Provided by University of Michigan Hillel
(Provided by University of Michigan Hillel)

Hillels are preparing for a second-year Passover under COVID restrictions, some in similar ways and some different from 2020.

Hillel of Metro Detroit, University of Michigan Hillel and Michigan State University Hillel are all preparing for a second-year Passover under COVID restrictions, some in similar ways and some different from 2020.

Hillel of Metro Detroit (HMD) will be purchasing Friendseder kits from The Well for students free of charge. Additionally, prior to Passover, HMD will be hosting a virtual community “Chocolate Seder” on Wednesday, March 24.

“We’re going to go through a Passover seder trivia-game style so that it’s an education piece as well, and every piece of the seder will have something chocolate corresponding with it,” Brittany Begun, associate director of HMD, said. “Instead of an egg, you might have a chocolate egg. We’re trying to find different things that correlate.”

HMD will also be making Passover bags, including “everything you would need to get through the week of Passover that we can provide for students,” according to Begun, including matzah and other snacks. The bags are free, and there will be different pickup locations for them.

While they didn’t expect to celebrate Passover this way for a second year, HMD is still hoping to support their students through this as much as possible.

“Last year, there was so much unknown, we didn’t really know how we could provide things to our students or what it was going to look like,” Begun said. “This year, we’re much more prepared, and students are taking an active role in planning all of these pieces and being a part of it.”

For questions, reach out to Begun at

University of Michigan Hillel will be offering similar options, including the first night’s seder free for every student, with three ways to do that. Students can get individual take-out, get small group catering with roommates or they can cook their own meal and get reimbursed.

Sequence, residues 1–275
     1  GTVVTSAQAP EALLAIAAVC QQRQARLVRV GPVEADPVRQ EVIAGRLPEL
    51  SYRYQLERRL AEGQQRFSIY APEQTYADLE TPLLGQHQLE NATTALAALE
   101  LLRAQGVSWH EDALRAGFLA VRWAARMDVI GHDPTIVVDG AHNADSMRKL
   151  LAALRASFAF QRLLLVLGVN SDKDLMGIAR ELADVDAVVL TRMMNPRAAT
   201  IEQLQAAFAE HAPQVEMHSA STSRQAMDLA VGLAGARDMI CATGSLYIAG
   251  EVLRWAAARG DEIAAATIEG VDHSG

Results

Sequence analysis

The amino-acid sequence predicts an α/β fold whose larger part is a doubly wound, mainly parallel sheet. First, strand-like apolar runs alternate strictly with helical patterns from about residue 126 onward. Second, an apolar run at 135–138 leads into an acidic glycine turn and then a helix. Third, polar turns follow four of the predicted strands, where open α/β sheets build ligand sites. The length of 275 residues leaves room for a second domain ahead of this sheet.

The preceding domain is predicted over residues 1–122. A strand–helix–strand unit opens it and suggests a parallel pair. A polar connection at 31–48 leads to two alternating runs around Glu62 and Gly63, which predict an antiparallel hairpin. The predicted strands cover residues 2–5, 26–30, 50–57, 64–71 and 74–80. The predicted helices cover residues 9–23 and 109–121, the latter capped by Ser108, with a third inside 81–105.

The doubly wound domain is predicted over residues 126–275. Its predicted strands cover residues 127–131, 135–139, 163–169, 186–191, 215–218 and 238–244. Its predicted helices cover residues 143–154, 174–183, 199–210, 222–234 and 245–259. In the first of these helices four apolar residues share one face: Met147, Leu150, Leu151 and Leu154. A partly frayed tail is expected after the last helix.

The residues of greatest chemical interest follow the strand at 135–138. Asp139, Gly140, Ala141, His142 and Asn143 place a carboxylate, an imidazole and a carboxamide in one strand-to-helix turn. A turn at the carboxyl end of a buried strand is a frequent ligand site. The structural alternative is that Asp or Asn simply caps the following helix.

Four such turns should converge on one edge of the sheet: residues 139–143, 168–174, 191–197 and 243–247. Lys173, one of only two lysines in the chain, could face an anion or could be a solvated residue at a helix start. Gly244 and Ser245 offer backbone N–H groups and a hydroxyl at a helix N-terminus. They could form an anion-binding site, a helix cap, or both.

Rav Lisa Stella, director of religious life and education for U-M Hillel, is doing a Zoom seder in her home on the first night for anyone who wants to join.

“We just want to make sure that nobody is alone on seder night,” Stella said. “For Passover last year, students were mostly home. So, students who are staying on campus are actually experiencing Passover in this kind of a situation for the first time, and that’s really important for us to remember.”

U-M Hillel is also having prep options, including virtual workshops for students who are running a seder for the first time.

Additionally, U-M Hillel is putting together materials going into “swag bags” for students that sign up for the seder meal. The bag will include a seder plate puzzle (see photo), as well as anything students need for a seder experience like a Haggadah, candles and seder plate foods.

While the first night’s seder meal is free, U-M Hillel is also providing paid meals. People can pay for a meal for the second night’s seder and lunches and dinners through the rest of the holiday, though Shabbat dinner will be free, as usual.

There will be three different pickups for the paid meals, with all forms on the U-M Hillel website. Reservations are being taken until capacity is reached, with prices being $22 for each meal. For whom the cost is prohibitive, they should get in touch with Stella at For further information, visit

MSU Hillel is continuing to keep everything COVID-safe, doing seder’s virtually on the first and second nights of Passover.

MSU Hillel will be offering free to-go meals for students for the two seders. Additionally, they’ll be offering a seder-at-home option, reimbursing students for hosting on their own.

Similar to U-M Hillel, MSU Hillel will be offering Passover dinner meals that are available for purchase by students, with a free Shabbat dinner.

Nate Strauss, director of Jewish student life for MSU Hillel, realizes this year is a completely different experience than last year, one of the reasons for that being how acclimated students have gotten to Zoom.

“There’s been a change,” Strauss said. “Zoom experiences used to be not super fun or not as engaging, but over the past couple months and definitely since the beginning of the summer, we’ve noticed that Zoom experiences are incredible, and there are really amazing things happening. We want to continue that for Passover.”

For more information, you can visit

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